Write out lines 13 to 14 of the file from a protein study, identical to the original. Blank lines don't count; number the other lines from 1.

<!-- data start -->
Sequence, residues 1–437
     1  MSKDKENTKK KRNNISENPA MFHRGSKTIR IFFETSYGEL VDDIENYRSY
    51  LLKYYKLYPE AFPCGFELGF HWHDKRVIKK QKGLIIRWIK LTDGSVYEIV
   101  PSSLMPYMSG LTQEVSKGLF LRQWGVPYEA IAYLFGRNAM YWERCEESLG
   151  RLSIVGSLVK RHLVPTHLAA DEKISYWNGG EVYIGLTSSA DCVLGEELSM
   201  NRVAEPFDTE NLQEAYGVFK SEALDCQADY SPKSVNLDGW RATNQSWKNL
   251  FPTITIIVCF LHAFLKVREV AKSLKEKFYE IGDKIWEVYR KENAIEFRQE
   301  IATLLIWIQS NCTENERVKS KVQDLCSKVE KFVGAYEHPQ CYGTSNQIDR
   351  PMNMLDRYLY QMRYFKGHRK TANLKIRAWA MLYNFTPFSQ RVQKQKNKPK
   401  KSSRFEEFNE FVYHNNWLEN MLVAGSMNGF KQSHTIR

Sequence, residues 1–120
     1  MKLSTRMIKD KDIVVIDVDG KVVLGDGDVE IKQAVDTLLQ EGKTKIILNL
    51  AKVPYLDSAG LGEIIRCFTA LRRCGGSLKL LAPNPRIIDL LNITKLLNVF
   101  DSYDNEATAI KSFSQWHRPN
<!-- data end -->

    51  AKVPYLDSAG LGEIIRCFTA LRRCGGSLKL LAPNPRIIDL LNITKLLNVF
   101  DSYDNEATAI KSFSQWHRPN